Crime and Literature: 10 Literary Classics with Criminal Elements
The case has been knocking around for as long as novels have been published. There is supposed to be great literature on one side of the divide and grubby disreputable crime fiction on the other. The usual suspects always get trotted out and displayed in the harsh light of the lineup. Did you commit pulp or literature, kid? It’s invariably Raymond Chandler and Dashiell Hammett. Sometimes Agatha Christie and somebody like Dorothy Sayers gets dragged in for interrogation. And these days, maybe P.D. James or Ruth Rendell.
But what if we turned the bright lights around, for once? How many classic works wouldn’t exist without the elements of crime fiction? The answer, I think, is quite a few. I know there are some people who say that if a novel isn’t a mystery or a thriller, it doesn’t belong in the crime fiction category. I disagree. My favorite books are about how a crime ripples out into people’s lives, not about simple answers.
So here are 10 blue-chip picks, meant to provoke arguments and alternate choices. If you haven’t read them because they’re “classics,” don’t be intimidated. A good story is a good story.
Crime and Punishment by Fyodor Dostoevsky
You knew I had to start off with that one because it’s right there in the title. A cat-and-mouse psychodrama. The duel between Raskolnikov and Porfiry, criminal and cop, echoes all over the fields of mysteries, thrillers, and suspense stories. But the more you read Dostoevsky, the more crime you see in his work. Not surprising for an author who was put before a firing squad and spent some of his best years in prison. The Brothers Karamazov has those great trial scenes, and you can see a kind of proto-noir in The Gambler, The Double, and many of his other works. But for me, the clear forerunner is Notes from Underground, with its seedy backdrop and the unstable, unreliable narrator who could step onto the streets of contemporary Chicago or Boston and commandeer a novel by Gillian Flynn or Dennis Lehane like he was hailing a cab on the street.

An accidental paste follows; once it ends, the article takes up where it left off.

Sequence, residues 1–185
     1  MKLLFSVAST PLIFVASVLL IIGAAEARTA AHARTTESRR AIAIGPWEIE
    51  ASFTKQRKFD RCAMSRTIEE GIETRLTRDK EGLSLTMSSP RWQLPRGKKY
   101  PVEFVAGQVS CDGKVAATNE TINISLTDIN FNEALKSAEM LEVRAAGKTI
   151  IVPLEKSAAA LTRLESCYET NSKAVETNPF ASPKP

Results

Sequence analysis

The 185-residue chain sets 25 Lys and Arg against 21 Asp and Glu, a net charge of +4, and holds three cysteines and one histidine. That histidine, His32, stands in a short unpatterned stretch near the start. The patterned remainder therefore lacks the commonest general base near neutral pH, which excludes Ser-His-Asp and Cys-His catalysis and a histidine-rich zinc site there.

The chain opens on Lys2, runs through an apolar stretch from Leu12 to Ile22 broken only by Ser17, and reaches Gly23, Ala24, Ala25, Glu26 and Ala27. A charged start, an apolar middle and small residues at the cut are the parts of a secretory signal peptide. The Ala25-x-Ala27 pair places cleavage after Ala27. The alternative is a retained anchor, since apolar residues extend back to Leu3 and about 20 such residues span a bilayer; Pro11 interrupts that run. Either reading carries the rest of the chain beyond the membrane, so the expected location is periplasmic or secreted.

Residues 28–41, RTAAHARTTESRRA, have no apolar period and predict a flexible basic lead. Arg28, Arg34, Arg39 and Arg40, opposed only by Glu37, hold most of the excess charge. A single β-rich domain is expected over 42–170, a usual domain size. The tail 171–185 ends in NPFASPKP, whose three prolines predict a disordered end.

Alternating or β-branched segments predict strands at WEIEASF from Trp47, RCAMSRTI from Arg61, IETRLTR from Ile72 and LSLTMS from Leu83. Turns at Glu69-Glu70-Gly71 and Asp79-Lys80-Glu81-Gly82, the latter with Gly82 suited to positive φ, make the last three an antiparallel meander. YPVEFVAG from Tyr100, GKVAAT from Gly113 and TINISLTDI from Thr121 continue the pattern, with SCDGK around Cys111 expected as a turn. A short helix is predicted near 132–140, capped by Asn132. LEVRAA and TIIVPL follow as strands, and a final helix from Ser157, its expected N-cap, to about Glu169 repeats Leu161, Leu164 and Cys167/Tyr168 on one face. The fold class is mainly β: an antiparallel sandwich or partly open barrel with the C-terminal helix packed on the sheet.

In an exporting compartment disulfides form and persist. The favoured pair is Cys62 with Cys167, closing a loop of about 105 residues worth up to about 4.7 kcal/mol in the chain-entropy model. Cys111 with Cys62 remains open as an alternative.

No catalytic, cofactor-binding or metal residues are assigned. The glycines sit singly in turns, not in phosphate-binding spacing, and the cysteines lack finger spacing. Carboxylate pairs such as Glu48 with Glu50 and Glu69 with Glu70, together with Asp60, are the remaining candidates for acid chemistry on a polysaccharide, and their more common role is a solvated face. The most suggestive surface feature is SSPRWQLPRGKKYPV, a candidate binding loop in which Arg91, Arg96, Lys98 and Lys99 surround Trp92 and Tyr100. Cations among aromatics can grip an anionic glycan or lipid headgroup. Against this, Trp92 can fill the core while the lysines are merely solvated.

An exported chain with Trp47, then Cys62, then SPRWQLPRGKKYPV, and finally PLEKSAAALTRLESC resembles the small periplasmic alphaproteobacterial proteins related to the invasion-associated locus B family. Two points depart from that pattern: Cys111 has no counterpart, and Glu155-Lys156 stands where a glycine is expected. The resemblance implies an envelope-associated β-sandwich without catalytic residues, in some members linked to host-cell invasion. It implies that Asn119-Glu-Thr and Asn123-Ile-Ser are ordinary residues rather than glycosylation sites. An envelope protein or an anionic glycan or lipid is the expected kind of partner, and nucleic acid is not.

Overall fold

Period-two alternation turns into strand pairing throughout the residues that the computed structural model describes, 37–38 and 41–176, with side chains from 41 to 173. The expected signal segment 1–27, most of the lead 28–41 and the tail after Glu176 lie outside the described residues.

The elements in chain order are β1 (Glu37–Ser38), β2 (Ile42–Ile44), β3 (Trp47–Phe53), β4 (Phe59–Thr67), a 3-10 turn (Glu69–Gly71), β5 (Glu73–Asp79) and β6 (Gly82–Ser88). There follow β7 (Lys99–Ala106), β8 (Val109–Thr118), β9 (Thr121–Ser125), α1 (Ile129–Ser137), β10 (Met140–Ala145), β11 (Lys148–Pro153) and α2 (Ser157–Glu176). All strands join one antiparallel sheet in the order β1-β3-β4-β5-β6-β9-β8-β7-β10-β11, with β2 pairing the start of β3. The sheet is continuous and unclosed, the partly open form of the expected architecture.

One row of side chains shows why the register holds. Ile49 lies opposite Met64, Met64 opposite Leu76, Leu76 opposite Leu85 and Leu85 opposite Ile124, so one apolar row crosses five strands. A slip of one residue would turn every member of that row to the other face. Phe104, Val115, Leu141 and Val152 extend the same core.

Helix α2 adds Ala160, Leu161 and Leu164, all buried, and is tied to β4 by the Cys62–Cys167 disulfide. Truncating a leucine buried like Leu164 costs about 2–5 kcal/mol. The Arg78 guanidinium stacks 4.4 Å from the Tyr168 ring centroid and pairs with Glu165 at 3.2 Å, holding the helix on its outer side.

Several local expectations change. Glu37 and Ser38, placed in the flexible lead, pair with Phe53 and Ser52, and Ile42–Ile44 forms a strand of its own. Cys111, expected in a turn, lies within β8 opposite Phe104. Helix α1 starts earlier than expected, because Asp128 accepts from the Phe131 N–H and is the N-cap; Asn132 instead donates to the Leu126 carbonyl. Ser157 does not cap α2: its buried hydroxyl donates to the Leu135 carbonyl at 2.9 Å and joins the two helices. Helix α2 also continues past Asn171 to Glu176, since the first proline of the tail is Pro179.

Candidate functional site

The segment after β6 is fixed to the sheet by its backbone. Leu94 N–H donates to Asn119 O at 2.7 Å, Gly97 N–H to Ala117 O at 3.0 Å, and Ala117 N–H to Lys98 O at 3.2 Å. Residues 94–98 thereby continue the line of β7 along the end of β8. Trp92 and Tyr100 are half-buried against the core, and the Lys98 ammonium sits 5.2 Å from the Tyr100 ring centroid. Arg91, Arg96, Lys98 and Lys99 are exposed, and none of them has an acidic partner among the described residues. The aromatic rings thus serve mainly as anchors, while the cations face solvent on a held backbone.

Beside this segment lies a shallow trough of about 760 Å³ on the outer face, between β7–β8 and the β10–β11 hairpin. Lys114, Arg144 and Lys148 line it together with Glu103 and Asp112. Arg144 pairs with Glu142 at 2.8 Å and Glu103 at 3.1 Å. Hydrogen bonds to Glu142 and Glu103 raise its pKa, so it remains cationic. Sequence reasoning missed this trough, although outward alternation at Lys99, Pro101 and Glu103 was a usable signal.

The Complete Stories of Flannery O’Connor
Literary critics often write about O’Connor as if she was mainly a Southern Gothic writer or a Catholic writer. But when I first read her as a teenager, I thought she was a crime writer—and a sensational one.
She doesn’t write mysteries or thrillers or anything with a tidy, comforting ending. Her intention seems entirely the opposite, which is why I also took her to be a great punk writer when I encountered her. Her most famous character in her most famous story is The Misfit (how punk is that?) in A Good Man Is Hard to Find, a notorious murderer who bats away a grandmother’s pieties when she encounters him after a roadside accident, scoffs at Jesus raising Lazarus from the dead, and then dispatches the old woman with three shots to the chest when she tries to touch him. Then, there’s “Good Country People,” in which a traveling Bible salesman tenderly offers his attention and his whiskey to a 32-year-old virgin and then steals her prosthetic leg. Or one of my personal favorites, “The Lame Shall Enter First,” in which a well-meaning social worker named Sheppard takes a teenage juvenile delinquent named Johnson into his home and sees his life torn apart as a result of his good and rational intentions.
Yes, we’re a long way from the classic detective story, where a crime is solved by logical deduction and moral order is restored to the universe. So what?
Atonement by Ian McEwan